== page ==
UFC Buys Strikeforce: Dana White, Scott Coker and Lorenzo Ferttita on the Deal

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UFC Buys Strikeforce: Dana White, Scott Coker and Lorenzo Ferttita on the Deal
Michael Cohen/Getty Images

Over the weekend, Zuffa LLC, the parent company of the UFC, purchased Strikeforce, the second largest MMA promotion in the United States. On Monday, Zuffa held a media call about the purchase. On the call were Zuffa CEO Lorenzo Fertitta, Strikeforce CEO Scott Coker and UFC president Dana White.

There were many questions about this huge move in the mixed martial arts world. What follows are some highlights from the media call.

Strikeforce CEO Scott Coker spoke first, "As you know this is a historical day for the sport of mixed martial arts. This is something that we thought long and hard about. SVSE  (Silicon Valley Sports and Entertainment) have been great partners with us and I think they wanted to get back to their hockey business, which is their core business. So, we had a conversation and we decide to look at different offers and that's when we started talking to Lorenzo."

UFC president Dana White again reiterated the fact that it would be business as usual with the two MMA promotions. "Scott's going to run his thing," White said. "Scott's going to communicate with all the fighters, continue to put fights on Showtime. Right here, right now, Strikeforce will continue to run their shows on Showtime."

White was then asked if the UFC would have any input on the production of Strikeforce shows. "Right now Showtime runs the production for Strikeforce," White answered. "There are a lot of things that we can do back of the house, in house to make it a better experience for the fighters and the fans, but Showtime runs the production."

Michael Cohen/Getty Images

The question of competition came up and if it would be impacted by this purchase. "There's always going to be competition. There's tons of shows that happen every weekend all over the world," White said. "What we're doing is that we continue to expand and grow this sport and grow this business. I've said it a million times, we need more fighters.

"As we continue to do all the shows that we're doing here in the United States, we start pushing into these new markets, we need more fighters. This isn't a thing about competition, it's about growing the sport.

"It's a good day for the fans, a great day for the fans."

White was then asked about how it impacted the fighters. "It's a great day for them too," he said. "All these guys that are fighting for Strikeforce now work for the biggest mixed martial arts organization in the world. Nothing wrong with that."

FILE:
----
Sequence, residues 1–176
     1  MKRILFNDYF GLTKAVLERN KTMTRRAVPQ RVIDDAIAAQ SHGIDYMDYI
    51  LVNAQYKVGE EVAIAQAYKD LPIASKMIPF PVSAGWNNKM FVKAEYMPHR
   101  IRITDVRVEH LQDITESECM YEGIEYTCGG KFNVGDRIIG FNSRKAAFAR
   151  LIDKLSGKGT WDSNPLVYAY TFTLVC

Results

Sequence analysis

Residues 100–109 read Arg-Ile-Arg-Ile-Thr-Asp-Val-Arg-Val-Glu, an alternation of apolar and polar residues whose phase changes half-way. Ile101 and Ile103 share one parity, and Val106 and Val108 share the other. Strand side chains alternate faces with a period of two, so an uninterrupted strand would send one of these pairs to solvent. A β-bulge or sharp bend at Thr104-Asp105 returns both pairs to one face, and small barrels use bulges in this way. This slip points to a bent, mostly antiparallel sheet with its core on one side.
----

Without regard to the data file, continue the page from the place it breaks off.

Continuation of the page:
Zuffa CEO Lorenzo Fertitta then addressed a question about choices for elite MMA fighters, "There's promoters here in the US, Canada, Europe and in Asia, so painting this picture that there are not options is entirely untrue, there's literally thousands of promotions that go on all around the world, so there's plenty of options for everybody."

When the possibility of UFC versus Strikeforce "superfights" was raised White said, "I wouldn't count anything out. At the end of the day what we want to do is put on the best fights that the fans want to see, that's our job."

Fertitta continued, "If there's an interest in that and the fans want to see it, that's what we do."

White talked about some of the Strikeforce fighters that may have issues with him, "There's a lot of people on that side of the fence that aren't big fans of mine, but we can still do business. Scott Coker's the guy whose going to be running the day to day and doing everything so they're never going to have to deal with me. If you don't like me, it doesn't mean we can't do business, me and Tito (Ortiz) did business for years."

Fertitta then answered the question about a possible monopoly. "There are literally thousands of other promotions, thousands of options for fighters, it just so happens that with the groundwork we put in place over the last 10 or 11 years that we happen to be more successful," he said. "There's literally no barrier to entry, anyone that wants to get in the business, they can file for a promoter's license and put up some capital and go sign fighters and go get a television contract. It's a wide open market."

White then added, "All you got to do is go raise some cash and jump into the business. All you gotta have is some big balls and some money behind you and you can get in the business."

When asked if he thought the purchase was a positive for Strikeforce as well as himself, Coker said, "It's something when you think about the history of mixed martial arts and where it's come from and where it's gone. I am really proud of the accomplishments that we have made over the last two years and Showtime's been a great partner, but this is something that's going on now, it's real and I think that it's going to be good for mixed martial arts."

White addressed a possibility of a fighter's union saying, "That's up to the fighters. The problem with that is that this really isn't a team sport. I don't think you're going to see some of the guys that are making the big money wanting to kick some of their money down to these guys that might never make it, but that isn't up to us, that's up to them."

White was then asked about the future plans for the UFC. "We've got big plans and I've been saying it for 10 years, I believe that this is going to be the biggest sport in the world, we believe that this sport works everywhere, that people all over the world, no matter what color you are, what language you speak, everyone likes fighting.

"Mixed martial arts is exciting, people love it, we're going to bring it into all these countries and we need more fighters. We're going to continue to grow this sport and bring it to everywhere, all over the world."

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